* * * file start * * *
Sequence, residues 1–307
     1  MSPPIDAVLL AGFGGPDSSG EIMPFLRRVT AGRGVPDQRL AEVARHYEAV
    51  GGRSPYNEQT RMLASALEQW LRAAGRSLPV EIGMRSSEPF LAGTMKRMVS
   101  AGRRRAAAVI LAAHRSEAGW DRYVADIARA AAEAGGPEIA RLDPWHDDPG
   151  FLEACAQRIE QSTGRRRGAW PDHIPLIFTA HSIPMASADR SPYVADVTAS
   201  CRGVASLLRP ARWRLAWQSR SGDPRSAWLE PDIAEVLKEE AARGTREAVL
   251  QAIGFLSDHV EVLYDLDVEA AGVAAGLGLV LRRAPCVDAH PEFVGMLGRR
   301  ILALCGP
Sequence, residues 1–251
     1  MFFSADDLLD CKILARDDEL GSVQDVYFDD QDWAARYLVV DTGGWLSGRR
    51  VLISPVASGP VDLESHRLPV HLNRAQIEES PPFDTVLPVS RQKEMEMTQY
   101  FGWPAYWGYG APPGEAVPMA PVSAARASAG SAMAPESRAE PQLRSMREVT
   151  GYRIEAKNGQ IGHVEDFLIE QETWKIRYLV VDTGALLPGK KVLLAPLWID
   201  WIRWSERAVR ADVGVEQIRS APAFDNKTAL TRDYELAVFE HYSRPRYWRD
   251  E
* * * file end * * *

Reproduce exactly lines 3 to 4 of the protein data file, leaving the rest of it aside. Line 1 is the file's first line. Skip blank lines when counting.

    51  GGRSPYNEQT RMLASALEQW LRAAGRSLPV EIGMRSSEPF LAGTMKRMVS
   101  AGRRRAAAVI LAAHRSEAGW DRYVADIARA AAEAGGPEIA RLDPWHDDPG